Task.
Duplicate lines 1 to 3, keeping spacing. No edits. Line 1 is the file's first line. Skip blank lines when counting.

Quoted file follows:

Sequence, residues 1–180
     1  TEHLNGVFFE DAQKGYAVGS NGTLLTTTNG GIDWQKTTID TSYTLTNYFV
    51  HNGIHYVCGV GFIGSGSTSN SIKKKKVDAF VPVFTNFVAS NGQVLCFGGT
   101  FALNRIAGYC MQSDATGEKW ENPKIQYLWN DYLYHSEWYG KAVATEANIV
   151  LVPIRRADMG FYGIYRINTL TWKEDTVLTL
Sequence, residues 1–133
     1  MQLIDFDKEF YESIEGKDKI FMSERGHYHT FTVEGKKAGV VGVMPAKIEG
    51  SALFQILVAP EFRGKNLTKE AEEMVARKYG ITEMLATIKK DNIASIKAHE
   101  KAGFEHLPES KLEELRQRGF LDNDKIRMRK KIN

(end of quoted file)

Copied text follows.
Sequence, residues 1–180
     1  TEHLNGVFFE DAQKGYAVGS NGTLLTTTNG GIDWQKTTID TSYTLTNYFV
    51  HNGIHYVCGV GFIGSGSTSN SIKKKKVDAF VPVFTNFVAS NGQVLCFGGT